Woolworths Australian chain David Jones axes managers
Woolworths’s ailing Australian department store chain, the value of which has already been slashed by more than R7bn, has wielded the axe once again.
David Jones, which was bought by the high-end retailer for more than R20bn four years ago, said on Thursday it had dismissed its MD for clothing and general merchandise, David Collins, just a month after Woolworths axed its CEO in that country, John Dixon.
David Jones said it had also cut another 15 jobs at its head office, in a bid to cut costs and stabilise the business.
Amid a weakening department store market, David Jones has struggled since Woolworths bought it. And with online players Amazon and eBay wading into the Australian market, analysts say traditional retailers face an increasingly difficult trading environment.
Woolworths recently wrote down the value of David Jones by A$713m (R7.2bn). In May, it dismissed Dixon, a former Marks & Spencer executive who was the group’s regional head for less than a year.
Woolworths’s share price has halved from the highs reached in late 2015. The stock closed nearly 1% up for the day at R53.93 on Thursday.
Strategic cost review
David Jones said on Thursday that following a strategic cost review, it would consolidate its management and head office teams "to provide a flatter, more customer-focused structure".
With Collins gone, the merchandise leadership team would now report directly to David Jones CEO David Thomas.
Although Woolworths has impaired the value of David Jones, it is still making a number of strategic investments there. For instance, David Jones is adding food halls to its stores, and is spending almost A$200m on refurbishing its flagship store in Sydney, using funds from the sale of another outlet.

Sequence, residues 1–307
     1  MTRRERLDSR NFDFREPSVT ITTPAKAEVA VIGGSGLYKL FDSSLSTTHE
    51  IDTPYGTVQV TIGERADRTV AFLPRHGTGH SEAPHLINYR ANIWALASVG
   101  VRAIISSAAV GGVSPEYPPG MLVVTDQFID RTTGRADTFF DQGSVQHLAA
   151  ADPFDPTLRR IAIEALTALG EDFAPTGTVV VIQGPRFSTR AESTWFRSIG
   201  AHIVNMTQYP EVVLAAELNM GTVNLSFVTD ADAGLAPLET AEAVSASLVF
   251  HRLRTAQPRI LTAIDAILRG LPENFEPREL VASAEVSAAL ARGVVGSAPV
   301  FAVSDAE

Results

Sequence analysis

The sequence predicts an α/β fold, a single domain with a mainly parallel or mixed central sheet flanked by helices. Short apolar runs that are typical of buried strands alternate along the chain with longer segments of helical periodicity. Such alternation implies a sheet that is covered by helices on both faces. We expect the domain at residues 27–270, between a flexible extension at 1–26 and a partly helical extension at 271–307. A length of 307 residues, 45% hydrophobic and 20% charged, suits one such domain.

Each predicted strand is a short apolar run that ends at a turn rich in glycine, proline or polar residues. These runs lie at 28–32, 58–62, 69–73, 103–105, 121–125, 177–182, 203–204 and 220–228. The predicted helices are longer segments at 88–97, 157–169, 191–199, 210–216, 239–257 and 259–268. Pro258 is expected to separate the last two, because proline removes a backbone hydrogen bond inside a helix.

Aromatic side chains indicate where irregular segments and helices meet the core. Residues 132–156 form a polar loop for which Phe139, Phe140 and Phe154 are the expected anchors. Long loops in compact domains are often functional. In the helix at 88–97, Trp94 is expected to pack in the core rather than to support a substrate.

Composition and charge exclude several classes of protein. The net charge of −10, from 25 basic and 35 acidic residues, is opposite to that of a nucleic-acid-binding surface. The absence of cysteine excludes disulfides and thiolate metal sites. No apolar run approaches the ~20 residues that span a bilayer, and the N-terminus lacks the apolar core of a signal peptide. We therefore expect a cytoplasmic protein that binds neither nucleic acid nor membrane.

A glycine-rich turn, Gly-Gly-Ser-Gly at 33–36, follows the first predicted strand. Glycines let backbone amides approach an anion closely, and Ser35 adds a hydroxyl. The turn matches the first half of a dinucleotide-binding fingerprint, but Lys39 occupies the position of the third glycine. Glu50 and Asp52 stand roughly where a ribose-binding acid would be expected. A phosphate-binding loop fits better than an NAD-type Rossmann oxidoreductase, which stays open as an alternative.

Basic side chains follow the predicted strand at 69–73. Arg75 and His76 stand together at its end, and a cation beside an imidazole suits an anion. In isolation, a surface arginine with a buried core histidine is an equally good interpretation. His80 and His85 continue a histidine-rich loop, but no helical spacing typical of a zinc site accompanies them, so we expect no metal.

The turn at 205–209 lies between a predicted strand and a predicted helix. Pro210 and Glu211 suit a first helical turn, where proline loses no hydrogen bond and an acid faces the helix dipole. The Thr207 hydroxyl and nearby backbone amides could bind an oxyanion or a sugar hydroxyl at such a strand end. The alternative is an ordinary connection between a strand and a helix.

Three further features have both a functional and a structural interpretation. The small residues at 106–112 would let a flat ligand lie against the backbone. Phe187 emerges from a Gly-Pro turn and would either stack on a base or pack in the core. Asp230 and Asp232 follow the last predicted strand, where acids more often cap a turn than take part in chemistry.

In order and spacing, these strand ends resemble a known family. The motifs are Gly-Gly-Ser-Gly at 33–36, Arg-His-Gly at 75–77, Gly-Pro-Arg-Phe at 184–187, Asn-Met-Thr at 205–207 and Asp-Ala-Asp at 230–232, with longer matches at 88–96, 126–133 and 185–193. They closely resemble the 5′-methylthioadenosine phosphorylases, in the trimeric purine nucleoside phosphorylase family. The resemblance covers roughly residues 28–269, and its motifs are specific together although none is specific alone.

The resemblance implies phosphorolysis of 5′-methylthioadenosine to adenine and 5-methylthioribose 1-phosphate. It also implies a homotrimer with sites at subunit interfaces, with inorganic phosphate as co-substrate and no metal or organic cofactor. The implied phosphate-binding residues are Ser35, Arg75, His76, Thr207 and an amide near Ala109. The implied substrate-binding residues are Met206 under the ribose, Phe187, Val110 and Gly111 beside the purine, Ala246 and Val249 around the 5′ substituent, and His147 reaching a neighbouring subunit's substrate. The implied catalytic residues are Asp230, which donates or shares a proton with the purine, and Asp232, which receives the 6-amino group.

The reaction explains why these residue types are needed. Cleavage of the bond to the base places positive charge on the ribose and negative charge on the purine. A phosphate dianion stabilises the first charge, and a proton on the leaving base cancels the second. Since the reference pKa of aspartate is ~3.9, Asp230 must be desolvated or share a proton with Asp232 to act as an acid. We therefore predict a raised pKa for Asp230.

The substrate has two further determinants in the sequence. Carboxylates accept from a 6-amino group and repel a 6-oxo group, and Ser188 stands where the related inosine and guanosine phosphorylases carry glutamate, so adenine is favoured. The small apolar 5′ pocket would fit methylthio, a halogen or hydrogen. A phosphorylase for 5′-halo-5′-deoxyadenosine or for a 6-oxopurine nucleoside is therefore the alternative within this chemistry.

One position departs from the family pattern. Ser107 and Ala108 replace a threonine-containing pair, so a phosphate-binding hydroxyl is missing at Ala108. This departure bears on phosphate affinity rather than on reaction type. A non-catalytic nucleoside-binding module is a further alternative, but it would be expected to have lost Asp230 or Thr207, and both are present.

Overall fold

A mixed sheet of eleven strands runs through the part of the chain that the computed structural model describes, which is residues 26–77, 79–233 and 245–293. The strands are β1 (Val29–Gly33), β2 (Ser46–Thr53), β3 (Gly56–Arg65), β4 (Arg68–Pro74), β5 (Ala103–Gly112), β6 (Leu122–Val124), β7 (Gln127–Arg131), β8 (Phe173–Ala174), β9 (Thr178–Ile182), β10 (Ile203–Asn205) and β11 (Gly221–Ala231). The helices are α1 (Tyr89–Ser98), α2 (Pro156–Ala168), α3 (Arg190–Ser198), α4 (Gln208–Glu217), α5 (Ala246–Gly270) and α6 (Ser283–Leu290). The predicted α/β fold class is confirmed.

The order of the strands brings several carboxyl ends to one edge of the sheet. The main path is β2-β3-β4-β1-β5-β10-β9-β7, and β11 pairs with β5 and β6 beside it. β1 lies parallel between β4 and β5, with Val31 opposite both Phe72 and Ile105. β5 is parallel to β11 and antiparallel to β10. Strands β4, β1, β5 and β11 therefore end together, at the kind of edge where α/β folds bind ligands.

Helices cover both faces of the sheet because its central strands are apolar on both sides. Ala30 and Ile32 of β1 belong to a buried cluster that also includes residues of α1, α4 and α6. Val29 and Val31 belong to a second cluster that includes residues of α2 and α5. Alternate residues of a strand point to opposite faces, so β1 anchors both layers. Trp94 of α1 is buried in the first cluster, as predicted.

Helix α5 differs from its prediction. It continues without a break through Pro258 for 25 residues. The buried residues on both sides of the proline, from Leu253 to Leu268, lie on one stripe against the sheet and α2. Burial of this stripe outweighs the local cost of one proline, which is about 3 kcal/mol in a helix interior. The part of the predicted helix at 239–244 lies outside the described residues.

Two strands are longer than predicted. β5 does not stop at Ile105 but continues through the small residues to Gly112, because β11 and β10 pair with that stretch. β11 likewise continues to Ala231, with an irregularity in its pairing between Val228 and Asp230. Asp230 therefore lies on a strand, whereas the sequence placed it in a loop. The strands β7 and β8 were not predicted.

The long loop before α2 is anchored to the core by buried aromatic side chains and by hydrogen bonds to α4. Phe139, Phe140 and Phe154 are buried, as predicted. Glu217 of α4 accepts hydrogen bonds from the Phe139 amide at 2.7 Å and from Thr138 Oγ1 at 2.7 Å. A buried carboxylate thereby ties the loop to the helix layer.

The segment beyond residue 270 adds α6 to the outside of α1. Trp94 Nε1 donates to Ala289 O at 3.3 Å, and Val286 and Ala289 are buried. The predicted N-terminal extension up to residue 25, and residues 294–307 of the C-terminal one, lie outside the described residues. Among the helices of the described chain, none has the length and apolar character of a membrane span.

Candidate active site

"In our view, department stores are a dying breed that have largely been replaced by exciting shopping malls and online retailing, so we were sceptical of Woolworths’s bold targets [for David Jones] from the start," said Bjorn Samuels, an equity analyst at Argon Asset Management. Samuels said the loss of skilled staff and the extent of management changes would make the business more difficult to manage.
"From our viewpoint, the original turnaround strategy has started to mutate and the many changes in key decision makers has confounded our visibility of David Jones being able to deliver."
Samuels said if Woolworths believed it could revive the department store chain, it should "throw more capital at the problem" rather than cut costs. But if Woolworths conceded that the department store format was dying, it could manage the decline by cutting costs.
Argon said it believed Woolworths shares were not priced attractively enough to compensate for these risks.
However, despite the company’s woes in Australia, HSBC analyst Jeanine Womersley upgraded the recommendation on Woolworths to buy from hold this week, according to Bloomberg data.